Thirteen Breeds of Cattle
1. Charolais – a very old breed from France. Animals are cream or white in color.
2. Angus – an English breed. Black in color.
3. Brahman – Very hardy and adaptable cattle. Hair color varies from light grey to red or black. The animal’s dark skin acts as a filter to the sun and this makes it suitable for the hot areas in the USA.
4. Hereford – one of my favorites with their white head and red bodies. They are an English breed, are docile with a high fertility rate and good mothering skills.
5. Limousin – a very old breed originating in France. They’re very hardy. They come in red to gold shades.
6. Maine Anjou – Another French breed. They are large animals, well-muscled animals with red coats.
7. Shorthorn – this is the breed my father had when we were growing up. They’re an English breed and can be red, white or roan (sort of a speckled mixture). They’re quiet and easy to handle.
8. Simmental – They can be traced back to Switzerland. They are a large, docile breed and are red and white or gold and white.
9. Texas Longhorn – It’s an American breed that traces its origins back to the first cattle imported into the country. They have massive horns and come in lots of different colors.
10. Scottish Highland – a breed that originates in Scotland. They have shaggy coats to keep them warm, horns and come in red, black or blonde. I have it on good authority that they’re good to eat.
11. Belgian Blue – They come from Belgium and are primarily milking cows. Their colors range from white, blue-roan to black. The breed is well-known for its impressive muscling.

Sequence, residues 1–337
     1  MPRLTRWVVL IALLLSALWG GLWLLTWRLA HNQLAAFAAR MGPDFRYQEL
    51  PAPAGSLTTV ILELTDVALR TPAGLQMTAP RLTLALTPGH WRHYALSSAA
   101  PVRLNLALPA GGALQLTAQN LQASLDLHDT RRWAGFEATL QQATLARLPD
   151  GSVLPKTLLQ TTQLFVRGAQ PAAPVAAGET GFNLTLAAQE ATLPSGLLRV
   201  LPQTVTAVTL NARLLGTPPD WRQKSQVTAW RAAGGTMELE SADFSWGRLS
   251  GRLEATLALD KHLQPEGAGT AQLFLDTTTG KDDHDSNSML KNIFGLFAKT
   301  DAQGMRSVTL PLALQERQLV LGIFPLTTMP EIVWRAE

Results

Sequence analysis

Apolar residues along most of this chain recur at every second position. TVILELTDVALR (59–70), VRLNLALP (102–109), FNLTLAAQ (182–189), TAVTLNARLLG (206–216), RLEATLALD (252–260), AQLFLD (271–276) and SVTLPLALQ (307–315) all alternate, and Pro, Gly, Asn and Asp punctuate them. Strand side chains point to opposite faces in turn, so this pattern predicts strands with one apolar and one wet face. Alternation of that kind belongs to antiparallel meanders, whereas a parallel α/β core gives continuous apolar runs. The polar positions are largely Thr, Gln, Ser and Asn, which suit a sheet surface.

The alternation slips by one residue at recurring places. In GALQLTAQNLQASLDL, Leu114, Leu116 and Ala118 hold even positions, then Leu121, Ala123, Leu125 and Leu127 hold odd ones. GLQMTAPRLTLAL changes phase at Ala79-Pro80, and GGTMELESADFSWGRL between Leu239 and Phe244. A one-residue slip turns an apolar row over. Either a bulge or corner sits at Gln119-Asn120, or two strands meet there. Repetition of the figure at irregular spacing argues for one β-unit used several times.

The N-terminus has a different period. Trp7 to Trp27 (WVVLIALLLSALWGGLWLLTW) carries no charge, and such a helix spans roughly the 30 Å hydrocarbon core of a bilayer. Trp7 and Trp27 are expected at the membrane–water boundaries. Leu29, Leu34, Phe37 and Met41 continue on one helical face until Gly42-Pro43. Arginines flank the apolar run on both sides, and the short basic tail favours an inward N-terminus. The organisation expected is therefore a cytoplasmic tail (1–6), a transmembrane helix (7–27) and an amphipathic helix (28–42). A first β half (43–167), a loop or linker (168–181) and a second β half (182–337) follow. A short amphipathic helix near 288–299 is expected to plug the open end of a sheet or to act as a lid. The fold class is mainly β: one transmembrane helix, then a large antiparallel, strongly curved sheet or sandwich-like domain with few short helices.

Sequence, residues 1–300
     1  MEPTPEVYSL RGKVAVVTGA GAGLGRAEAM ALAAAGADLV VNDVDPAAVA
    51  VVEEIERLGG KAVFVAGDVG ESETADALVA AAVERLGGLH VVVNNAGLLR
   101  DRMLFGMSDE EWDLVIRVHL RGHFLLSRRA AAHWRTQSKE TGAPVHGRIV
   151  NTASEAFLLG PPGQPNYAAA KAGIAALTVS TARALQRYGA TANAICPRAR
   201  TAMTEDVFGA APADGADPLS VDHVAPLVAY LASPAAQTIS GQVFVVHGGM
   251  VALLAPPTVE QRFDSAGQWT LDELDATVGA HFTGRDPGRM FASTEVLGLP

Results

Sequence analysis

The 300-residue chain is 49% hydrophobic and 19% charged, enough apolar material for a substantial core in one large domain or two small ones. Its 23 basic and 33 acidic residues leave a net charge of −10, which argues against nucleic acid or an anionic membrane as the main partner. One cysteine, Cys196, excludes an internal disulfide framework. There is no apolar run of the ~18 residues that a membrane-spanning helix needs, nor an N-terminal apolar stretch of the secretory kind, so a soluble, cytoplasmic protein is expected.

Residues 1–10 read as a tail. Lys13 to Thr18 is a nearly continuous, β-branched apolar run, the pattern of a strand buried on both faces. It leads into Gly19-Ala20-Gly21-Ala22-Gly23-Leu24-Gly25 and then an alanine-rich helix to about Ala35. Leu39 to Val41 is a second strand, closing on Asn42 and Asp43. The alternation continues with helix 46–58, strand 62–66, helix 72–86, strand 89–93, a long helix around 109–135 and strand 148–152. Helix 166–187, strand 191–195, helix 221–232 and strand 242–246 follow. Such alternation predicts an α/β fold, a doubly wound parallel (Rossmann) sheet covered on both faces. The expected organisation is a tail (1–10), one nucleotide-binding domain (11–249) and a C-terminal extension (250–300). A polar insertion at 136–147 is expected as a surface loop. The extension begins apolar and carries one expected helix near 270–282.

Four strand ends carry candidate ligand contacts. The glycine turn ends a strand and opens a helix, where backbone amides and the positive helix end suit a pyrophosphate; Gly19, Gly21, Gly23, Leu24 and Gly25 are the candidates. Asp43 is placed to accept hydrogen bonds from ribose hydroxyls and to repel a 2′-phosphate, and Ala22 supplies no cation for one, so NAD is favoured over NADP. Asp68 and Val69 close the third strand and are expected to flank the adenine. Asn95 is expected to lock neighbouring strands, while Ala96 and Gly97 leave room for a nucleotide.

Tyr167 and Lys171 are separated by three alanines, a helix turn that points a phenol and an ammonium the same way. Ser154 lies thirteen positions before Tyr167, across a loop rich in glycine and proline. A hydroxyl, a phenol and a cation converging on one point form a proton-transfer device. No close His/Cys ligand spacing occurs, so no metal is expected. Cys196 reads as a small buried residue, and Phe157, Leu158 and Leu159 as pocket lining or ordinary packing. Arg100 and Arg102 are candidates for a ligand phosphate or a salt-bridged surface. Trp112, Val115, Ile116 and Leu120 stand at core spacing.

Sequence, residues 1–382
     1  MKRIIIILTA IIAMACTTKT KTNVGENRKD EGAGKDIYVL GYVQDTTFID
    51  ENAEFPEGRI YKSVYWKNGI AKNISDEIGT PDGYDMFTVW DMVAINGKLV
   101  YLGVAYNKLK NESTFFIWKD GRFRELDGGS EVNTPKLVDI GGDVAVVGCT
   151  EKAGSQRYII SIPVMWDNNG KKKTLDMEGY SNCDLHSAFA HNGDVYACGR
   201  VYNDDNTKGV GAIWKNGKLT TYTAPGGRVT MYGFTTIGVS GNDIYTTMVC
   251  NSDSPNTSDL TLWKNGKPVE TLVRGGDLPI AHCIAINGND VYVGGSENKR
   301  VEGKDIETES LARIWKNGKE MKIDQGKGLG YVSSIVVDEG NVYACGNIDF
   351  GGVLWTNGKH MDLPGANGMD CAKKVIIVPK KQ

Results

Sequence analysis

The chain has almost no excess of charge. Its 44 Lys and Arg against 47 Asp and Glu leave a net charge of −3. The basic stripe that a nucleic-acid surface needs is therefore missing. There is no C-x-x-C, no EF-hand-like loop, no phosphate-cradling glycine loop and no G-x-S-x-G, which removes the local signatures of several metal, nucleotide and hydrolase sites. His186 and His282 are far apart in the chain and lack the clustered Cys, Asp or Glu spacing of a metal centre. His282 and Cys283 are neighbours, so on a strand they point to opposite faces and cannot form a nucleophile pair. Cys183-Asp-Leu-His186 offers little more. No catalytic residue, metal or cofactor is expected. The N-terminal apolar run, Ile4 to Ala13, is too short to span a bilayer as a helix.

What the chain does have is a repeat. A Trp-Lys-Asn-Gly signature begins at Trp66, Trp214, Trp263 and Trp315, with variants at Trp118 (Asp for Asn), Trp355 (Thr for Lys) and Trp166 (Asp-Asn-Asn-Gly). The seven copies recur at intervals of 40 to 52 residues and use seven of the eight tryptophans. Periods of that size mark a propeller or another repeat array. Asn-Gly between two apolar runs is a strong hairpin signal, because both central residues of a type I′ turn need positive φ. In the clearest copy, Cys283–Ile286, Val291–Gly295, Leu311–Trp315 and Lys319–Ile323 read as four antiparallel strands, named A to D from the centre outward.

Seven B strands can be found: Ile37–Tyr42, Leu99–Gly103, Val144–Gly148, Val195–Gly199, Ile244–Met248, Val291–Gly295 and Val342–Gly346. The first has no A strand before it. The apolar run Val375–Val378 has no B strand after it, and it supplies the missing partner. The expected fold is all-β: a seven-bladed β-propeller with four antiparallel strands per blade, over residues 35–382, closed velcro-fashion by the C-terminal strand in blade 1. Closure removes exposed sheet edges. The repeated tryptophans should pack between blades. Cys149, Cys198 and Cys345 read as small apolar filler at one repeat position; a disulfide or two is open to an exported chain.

12. Galloway – A Scottish breed. They are mainly black and have a soft and wavy coat, which serves to protect it from wind and rain. It’s a maternal and hardy breed, naturally lean and an excellent forager.
13. Murray Grey – this breed developed in Australia and are grey in color. They are maternal and good milkers. The calves are small at birth and the breed is known as a docile one.
My father has a house cow called Donna. Donna is big and black and comes when my father calls her. She likes to eat carrots and if you’re not quick feeding her, she slimes you with her tongue. It’s also not good to have carrots in hand when she comes running. A fence between is a good idea. My father says that sometimes when he’s milking her (by hand) she’ll turn around and lick him on the face.
I have milked a cow before – it was one of our jobs when we were kids. I was very slow and the cow would grow impatient and start kicking at the bucket. My brother and sister were better at the job and took over, delegating a different job to me.
Have you ever milked a cow by hand? If not, would you like to try?